Vases and pots

Photographer: ROBERT DAHLBERG

Contemporary architecture in a natural setting

When you visit Lidköping, you simply must get out to Kållandsö, a peninsula just north of town. It’s another chapter in the Swedish design history. Architectural firm White Architects has taken inspiration from the pine forests of the Lake Vänern archipelago, creating the beautiful building ‘Victoriahuset’. With its ribbed wooden façade it almost disappears into the surrounding forest. It’s a striking example of how Swedish architecture is informed by what is around it. The building is dedicated to the Duchess of Västergötland, the Swedish Crown Princess Victoria. The regional government gave her the building on the occasion of her thirtieth birthday in 2007. As you enter the building, the nature-inspired façade follows you in, where you’ll find a nature centre, the Hvita Hjorten restaurant (recommended in the White Guide) and a hotel.

Outside the building you can see the beginning of Europe’s largest lake archipelago, with some 22,000 islands. The best way to discover the beautiful Vänern archipelago is to paddle along the shoreline in a kayak, but there are also several pleasant walking trails. Experience the diverse birdlife of the peninsula along lakeside meadows, cliffs and a varied cultural landscape, with rock carvings from the Bronze Age. In the east, on the horizon, you can make out the plateau mountain, Kinnekulle.

outside Naturum, Victoriahuset

Photographer: ROBERT DAHLBERG

Läckö – a fairy-tale castle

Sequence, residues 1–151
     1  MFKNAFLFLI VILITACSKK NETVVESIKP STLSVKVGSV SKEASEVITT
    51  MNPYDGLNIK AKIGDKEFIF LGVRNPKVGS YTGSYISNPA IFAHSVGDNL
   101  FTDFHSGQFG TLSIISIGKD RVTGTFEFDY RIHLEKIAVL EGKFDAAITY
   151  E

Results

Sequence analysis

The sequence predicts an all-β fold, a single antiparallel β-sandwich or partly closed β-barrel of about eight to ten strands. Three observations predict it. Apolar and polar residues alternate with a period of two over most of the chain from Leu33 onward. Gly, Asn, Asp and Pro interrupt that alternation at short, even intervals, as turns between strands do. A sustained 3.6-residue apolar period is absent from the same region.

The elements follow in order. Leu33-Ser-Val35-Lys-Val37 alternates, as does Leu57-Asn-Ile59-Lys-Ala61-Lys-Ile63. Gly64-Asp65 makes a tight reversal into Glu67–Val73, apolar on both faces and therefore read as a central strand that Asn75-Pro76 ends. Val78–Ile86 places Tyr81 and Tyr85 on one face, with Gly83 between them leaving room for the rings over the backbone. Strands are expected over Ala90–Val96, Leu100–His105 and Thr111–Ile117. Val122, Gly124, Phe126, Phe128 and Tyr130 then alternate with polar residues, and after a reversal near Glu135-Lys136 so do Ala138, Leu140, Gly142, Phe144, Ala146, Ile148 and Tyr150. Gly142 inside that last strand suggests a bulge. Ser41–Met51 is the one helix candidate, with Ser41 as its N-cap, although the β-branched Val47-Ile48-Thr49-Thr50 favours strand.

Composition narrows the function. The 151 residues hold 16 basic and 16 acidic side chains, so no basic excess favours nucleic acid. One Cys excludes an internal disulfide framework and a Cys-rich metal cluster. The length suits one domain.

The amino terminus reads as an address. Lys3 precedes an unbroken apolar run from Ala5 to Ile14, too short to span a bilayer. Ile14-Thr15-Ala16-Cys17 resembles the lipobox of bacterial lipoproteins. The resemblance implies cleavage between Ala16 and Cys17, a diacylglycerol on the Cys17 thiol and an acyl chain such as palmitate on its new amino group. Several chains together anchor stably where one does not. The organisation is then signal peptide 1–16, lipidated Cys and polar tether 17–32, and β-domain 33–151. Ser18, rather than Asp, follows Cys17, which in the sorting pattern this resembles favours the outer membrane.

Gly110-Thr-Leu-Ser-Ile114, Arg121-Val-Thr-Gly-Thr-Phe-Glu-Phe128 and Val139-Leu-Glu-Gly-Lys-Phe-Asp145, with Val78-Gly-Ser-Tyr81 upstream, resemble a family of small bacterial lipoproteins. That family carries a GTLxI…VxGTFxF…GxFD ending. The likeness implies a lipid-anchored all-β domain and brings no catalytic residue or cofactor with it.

If the special Victoriahuset building was designed to harmonize with nature, the exact opposite is true of Läckö Castle, proudly positioned on a point overlooking Lake Vänern. Count and Chancellor of the Realm Magnus Gabriel de la Gardie gave the building its characteristic white baroque charm in the second half of the 17th century. With its towers, it seems to come straight from a fairy tale. In summer, visitors from all over the world flock to Läckö to listen to first-class opera in the impressive acoustics of the castle courtyard.

Couple kayaking outside a white castle

Photographer: Roger Borgelid

Discover Little Castle Garden – a green treasure

On the east side of Läckö Castle is the Little Castle Garden, where gardener Simon Irvine and his team work. Every spring they turn the earth by hand, carefully and methodically. And every autumn they build compost piles under the walnut trees. Everything is taken care of, for later use. If you want to learn more about what grows here, Simon and his colleagues are almost always on site, and are happy to talk about the garden. Everything edible is harvested, and then used in the kitchen of the restaurant Hvita Hjorten, so the restaurateurs Katrin Ljungblom and Stefan Söderholm always have high-quality, super-fresh ingredients to work with.

The garden at Läckö Castle